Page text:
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School nurses may send kids home at first sign of illness

By TONY LEYS

An AP Exchange story

DES MOINES — Iowa’s school nurses have a message for parents: Expect your kids to be sent home more quickly this year if they seem even a little ill.

“There have been a lot of kids I’ve sent back to class with a headache, and now I might send them home. That will be different for sure,” said Nicole Cable, the nurse at Des Moines’ Roosevelt High School.

In normal times, a student with a headache, fatigue or slight cough would not raise alarms in a school nurse’s office. But these are not normal times.

Cable and about 600 other Iowa school nurses will face immense challenges in trying to keep children and staff safe as classes resume amid the continuing coronavirus pandemic, according to the Des Moines Register.

“It’s an uphill fight. It’s one thing to say you have to physically distance in the classroom. It’s another thing to actually do it,” said Cable, who is leading a Des Moines school district committee working on the issue.

School nurses will be on the lookout for signs of COVID-19, the disease the virus causes. It could be especially tough to sort out those cases as late-summer allergy season brings a wave of coughs and sneezes. Then schools will see outbreaks of colds and flu, which cause many of the same symptoms that COVID-19 brings.

School nurses always perform crucial public-health tasks, from bandaging playground scrapes and ensuring kids are vaccinated to responding to teens who are considering suicide. “It was a really complex role anyhow, and now you add COVID on top of that and it gets a whole lot more complicated,” said Sharon Guthrie, executive director of the Iowa School Nurse Organization.

School nurses are armed with flow charts to help discern the difference between everyday maladies and COVID-19. But they will have to employ a relatively quick hook this fall, sending kids home if there’s any doubt.

Once a coronavirus case is identified, school nurses and local public health officials will have to figure out which students, teachers and other school staff might have been exposed at length to the infected person. That could lead to extensive testing and quarantining.

The challenges could be particularly daunting for nurses in rural school districts. Many of them work in more than one building, and some ride a circuit of several towns. Urban districts’ nurses have backup in case they become overwhelmed or ill. Many rural school nurses lack that support.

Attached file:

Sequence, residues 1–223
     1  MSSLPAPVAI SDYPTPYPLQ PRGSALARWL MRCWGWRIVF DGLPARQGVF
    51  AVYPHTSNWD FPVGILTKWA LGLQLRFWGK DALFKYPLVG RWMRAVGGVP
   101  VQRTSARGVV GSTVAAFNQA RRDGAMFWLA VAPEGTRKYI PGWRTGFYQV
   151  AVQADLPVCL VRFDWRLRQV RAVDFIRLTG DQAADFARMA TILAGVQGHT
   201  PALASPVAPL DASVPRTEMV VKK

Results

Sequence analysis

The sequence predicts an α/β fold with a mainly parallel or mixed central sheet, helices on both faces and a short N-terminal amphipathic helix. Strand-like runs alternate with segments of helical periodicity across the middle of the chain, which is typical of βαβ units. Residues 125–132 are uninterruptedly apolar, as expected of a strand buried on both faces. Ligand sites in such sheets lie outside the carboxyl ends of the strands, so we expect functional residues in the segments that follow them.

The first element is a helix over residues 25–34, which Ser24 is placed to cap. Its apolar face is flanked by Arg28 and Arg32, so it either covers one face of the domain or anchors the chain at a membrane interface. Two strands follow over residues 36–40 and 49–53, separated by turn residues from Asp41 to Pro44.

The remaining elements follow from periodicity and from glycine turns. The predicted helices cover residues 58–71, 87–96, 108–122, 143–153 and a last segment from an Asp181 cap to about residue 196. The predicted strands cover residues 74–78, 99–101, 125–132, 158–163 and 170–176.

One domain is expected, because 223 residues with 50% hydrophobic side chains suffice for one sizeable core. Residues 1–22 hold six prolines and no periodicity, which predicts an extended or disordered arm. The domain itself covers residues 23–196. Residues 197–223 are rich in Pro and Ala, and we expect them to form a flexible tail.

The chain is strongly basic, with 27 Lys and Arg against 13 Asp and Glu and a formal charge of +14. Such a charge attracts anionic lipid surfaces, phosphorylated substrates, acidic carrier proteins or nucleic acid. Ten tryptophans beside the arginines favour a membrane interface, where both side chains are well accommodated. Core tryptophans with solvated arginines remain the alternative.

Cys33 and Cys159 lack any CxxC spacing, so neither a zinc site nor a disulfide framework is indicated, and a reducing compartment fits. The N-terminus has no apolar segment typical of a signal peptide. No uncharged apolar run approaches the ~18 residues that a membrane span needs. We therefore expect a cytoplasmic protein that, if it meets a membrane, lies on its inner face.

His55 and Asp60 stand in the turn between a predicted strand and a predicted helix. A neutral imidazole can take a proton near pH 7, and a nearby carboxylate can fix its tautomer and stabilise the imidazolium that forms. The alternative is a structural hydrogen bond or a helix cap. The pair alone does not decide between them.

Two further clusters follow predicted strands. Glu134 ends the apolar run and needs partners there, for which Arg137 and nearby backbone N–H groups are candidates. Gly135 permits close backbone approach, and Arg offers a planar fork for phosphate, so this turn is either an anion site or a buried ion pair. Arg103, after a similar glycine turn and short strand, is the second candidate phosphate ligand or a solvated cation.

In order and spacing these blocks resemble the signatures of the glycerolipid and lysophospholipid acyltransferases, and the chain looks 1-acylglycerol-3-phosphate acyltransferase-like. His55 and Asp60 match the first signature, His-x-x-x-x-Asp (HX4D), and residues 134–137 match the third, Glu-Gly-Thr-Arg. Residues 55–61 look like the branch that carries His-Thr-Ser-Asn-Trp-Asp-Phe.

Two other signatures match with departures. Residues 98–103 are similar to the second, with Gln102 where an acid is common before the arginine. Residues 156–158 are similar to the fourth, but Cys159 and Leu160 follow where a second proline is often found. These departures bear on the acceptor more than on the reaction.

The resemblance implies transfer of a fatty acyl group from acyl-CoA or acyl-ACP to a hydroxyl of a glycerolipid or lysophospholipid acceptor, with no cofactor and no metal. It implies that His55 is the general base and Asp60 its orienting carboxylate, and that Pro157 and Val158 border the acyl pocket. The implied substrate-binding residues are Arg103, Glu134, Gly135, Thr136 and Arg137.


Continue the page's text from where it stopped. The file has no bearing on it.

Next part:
Heather Sloma-Weber is the only full-time school nurse in eastern Iowa’s Tipton school district. She monitors the health of about 700 elementary and middle-school students. A part-time nurse covers the high school.

Sloma-Weber said she enjoys the autonomy of her job, which she likens to being on an island as the district’s leading medical expert. “Now everyone’s on my island,” she said with a laugh, describing the intense focus on health issues this year.

Sloma-Weber said she and many other school nurses wish the state was allowing more flexibility in deciding whether to pull back from in-person classes if COVID-19 breaks out in a community. She’s concerned about state benchmarks that districts will be required to hit before they can apply for waivers to in-person teaching requirements.

One of the criteria for such a waiver is that at least 10% of students must be absent from school. “This is going to be my ninth school year, and I’ve never had that many kids gone,” even during a bad flu season, Sloma-Weber said.

The other main benchmark before a district can apply for a waiver to reduce in-person classes is that at least 15% of people being tested for the coronavirus in a county come up positive over 14 days.

“That would be pretty ugly. I hope we don’t get to that point,” Sloma-Weber said. As of Friday, Cedar County, which includes Tipton, had a positivity rate of 6%.

Sloma-Weber said she appreciates the support of colleagues who have been participating in weekly, Sunday evening video chats organized by the Iowa School Nurse Organization. Dozens of members have been tuning in and sharing tips.

Guthrie, executive director of the professional group, said many school nurses weren’t being paid during the summer, but they devoted countless hours to planning how to prevent outbreaks.

She said some rural members of her group serve three or four schools in different towns. “A lot of people have an assumption that there’s a nurse in every building every day, all day. There really isn’t,” she said.

Guthrie, a former school nurse who now directs graduate nursing programs at Mount Mercy University in Cedar Rapids, wishes schools had their own coronavirus testing equipment. If they did, nurses could quickly determine if a child or staffer was infected with the virus. But such equipment is not likely to be available any time soon, she said.

Like teachers and other staffers, school nurses face the risk of becoming infected at work. But Melissa Walker, a nurse practitioner who coordinates school-nurse programs for the Iowa Department of Education, said she hasn’t heard of a wave of Iowa school nurses resigning or retiring because of the risk.

Walker said some school districts have hired additional nurses or health associates to help respond to the pandemic. Iowa school districts employed the equivalent of 645 full-time nurses last school year, the education department reports.